Americans now say they approve of free trade by 64%-27%, a margin of better than two to one. That's up from 57%-37% early in Trump's presidency, and 51%-41% near the end of...Politicsread more
CNBC combed through Wall Street research to see which stocks are still a buy after their earnings reports.Marketsread more
Fraud investigator Harry Markopolos' accusations extended beyond GE's management to actuaries, auditors and analysts who he claims overlooked billions in liabilities.Marketsread more
Bianco Research's James Bianco suggests Wall Street is desperately looking for a signal that a 50 basis point cut is coming next month.Trading Nationread more
The company's S-1 lays the groundwork for what is widely expected to be one of the largest initial public offerings of the year, second only to Uber's IPO in May. It's also...Technologyread more
President Donald Trump held a call on Wednesday with the CEOs of three major U.S. banks, according to people with knowledge of the situation.Marketsread more
Despite aggressive strides, Waymo needs one thing before their self-driving cars become a seriously useful transportation system: people. We talked to the ones closest to it.Technologyread more
Trump's tweet comes a day after Apple put out a press release describing the money it spends on U.S.-based suppliers and vendors.Technologyread more
Scientists say the smoke plumes, filled with megatons of tiny, harmful particles, could travel to other areas of the world and cause serious respiratory problems for people.Weather & Natural Disastersread more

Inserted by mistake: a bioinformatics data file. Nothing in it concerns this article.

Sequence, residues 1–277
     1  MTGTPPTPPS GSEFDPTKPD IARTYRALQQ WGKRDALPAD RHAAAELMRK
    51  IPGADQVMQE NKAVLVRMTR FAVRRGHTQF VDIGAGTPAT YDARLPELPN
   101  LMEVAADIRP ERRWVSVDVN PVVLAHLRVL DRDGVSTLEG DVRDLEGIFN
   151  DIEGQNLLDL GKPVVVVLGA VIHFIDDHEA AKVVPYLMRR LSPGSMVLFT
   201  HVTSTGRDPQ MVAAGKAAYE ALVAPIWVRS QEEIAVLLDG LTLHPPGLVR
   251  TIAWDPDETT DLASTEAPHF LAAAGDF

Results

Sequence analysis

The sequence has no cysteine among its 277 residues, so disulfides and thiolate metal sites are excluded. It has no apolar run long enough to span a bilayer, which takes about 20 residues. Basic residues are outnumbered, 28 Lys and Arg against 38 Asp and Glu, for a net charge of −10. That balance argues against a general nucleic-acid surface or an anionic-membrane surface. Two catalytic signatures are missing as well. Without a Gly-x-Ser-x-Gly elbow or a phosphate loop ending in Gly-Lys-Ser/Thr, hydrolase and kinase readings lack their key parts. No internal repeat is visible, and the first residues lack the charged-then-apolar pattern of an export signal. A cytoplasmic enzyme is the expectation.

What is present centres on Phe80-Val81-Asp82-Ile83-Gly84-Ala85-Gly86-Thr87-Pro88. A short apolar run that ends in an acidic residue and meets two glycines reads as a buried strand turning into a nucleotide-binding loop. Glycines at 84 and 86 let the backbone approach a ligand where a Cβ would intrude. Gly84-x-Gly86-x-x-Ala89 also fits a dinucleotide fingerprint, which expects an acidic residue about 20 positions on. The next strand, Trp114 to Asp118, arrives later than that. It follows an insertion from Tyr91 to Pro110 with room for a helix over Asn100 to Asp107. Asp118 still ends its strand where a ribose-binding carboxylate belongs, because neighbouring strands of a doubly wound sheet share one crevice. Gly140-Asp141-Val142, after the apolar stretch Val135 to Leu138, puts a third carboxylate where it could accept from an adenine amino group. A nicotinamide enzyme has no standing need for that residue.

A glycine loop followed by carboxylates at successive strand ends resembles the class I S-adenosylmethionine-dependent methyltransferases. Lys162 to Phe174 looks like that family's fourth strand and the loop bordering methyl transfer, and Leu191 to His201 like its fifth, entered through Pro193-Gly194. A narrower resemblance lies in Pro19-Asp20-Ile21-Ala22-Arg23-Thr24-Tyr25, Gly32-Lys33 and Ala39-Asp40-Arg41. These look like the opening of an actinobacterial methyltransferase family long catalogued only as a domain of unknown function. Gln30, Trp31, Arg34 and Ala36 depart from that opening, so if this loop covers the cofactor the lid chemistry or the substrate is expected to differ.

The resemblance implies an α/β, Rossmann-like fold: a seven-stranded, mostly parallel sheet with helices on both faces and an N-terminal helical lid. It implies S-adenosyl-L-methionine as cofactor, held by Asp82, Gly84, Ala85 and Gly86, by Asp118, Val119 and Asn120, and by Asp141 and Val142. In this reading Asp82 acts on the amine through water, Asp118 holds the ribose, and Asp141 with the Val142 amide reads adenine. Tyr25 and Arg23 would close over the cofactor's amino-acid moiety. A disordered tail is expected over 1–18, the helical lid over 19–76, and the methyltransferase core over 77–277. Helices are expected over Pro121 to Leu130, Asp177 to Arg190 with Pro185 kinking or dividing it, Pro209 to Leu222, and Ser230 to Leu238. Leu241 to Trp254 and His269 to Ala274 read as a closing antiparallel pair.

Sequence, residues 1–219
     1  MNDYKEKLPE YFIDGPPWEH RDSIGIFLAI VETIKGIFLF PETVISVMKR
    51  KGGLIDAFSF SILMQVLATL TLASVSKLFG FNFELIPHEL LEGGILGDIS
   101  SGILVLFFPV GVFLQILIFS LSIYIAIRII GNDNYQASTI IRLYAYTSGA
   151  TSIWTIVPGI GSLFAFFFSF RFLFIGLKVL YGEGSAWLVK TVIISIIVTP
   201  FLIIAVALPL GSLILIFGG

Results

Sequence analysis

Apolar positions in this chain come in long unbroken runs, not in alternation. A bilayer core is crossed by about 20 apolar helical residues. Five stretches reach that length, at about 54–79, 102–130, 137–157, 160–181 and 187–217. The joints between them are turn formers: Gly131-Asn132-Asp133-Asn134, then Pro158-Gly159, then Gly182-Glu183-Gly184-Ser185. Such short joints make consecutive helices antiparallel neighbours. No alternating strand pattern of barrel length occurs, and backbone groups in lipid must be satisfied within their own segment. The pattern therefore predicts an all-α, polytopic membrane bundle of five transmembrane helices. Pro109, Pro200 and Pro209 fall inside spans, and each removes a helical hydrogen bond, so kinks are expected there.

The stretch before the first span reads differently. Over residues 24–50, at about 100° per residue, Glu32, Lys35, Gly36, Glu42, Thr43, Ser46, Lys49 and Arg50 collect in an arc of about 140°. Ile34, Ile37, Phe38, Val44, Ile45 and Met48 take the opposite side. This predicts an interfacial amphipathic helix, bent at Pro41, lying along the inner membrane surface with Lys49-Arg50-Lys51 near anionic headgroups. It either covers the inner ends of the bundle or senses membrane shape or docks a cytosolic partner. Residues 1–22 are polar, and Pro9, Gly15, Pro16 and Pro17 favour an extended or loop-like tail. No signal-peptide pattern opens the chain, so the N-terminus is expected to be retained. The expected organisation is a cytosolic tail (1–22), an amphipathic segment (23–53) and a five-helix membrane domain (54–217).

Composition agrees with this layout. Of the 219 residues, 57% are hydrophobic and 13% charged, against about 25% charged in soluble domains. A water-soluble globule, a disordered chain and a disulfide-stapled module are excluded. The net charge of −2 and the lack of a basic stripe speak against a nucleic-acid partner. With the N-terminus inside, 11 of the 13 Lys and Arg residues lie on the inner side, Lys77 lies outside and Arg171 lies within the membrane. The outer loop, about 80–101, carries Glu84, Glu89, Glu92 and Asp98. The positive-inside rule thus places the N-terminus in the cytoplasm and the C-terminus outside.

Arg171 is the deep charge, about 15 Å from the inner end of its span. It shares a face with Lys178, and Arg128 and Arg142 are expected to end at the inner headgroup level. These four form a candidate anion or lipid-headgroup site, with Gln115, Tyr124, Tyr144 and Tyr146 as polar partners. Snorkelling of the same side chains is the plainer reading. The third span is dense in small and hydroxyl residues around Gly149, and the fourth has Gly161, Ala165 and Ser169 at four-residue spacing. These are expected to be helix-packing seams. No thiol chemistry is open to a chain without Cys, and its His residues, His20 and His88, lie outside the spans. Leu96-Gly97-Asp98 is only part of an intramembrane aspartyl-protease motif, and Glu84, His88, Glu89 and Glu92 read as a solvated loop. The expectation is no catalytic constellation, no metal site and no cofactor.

Some Weight Watchers loyalists applaud Kurbo by WW. But nutritionists worry Kurbo promotes an unhealthy relationship with food during an especially impressionable time.Health and Scienceread more
Benefits from what President Trump called "the biggest reform of all time" to the tax code have dwindled to a faint breeze just 20 months after its enactment, writes John...Politicsread more
Earlier this year, Toshiba shareholders gave the go-ahead for the sale of the memory business; Toshiba is the world's second largest producer of NAND flash memory — behind Samsung. And last week, the board agreed to sell the unit to the Bain consortium.
After the Toshiba Memory Corporation (TMC) shares are transferred to the consortium's special purpose acquisition company Pangea, Bain and TMC managemnet will lead the "business operations to secure continuous growth," Toshiba said.
The U.S. investors will not acquire any common stock or voting rights over TMC. In addition, SK Hynix will be "firewalled" from accessing TMC's proprietary information and will not be allowed to own more than 15 percent of the voting rights in Pangea or TMC for 10 years. SK Hynix is a competitor of TMC.
Toshiba was prompted to sell the unit after its U.S. nuclear unit Westinghouse filed for bankruptcy in March. Mounting losses from the unit has put pressure on Toshiba's balance sheet. If it doesn't get a grip on its finances by March, the end of the Japanese financial year, then it could be delisted from the Tokyo Stock Exchange.
While the deal was announced Thursday, there are still a number of hurdles. It needs to get regulatory approval to make sure the agreement is not in breach of antitrust rules or does not threaten national security.
But the biggest roadblock is the ongoing spat with Western Digital, Toshiba's partner in the semiconductor business. Western Digital is seeking an injunction to block the sale of the semiconductor unit claiming that it violates the partnership contract that the two companies have.
- CNBC's Saheli Roy Choudhury contributed to this report
- Clarification: This story has been updated to reflect that Dell Technologies Capital is part of the Bain-led consortium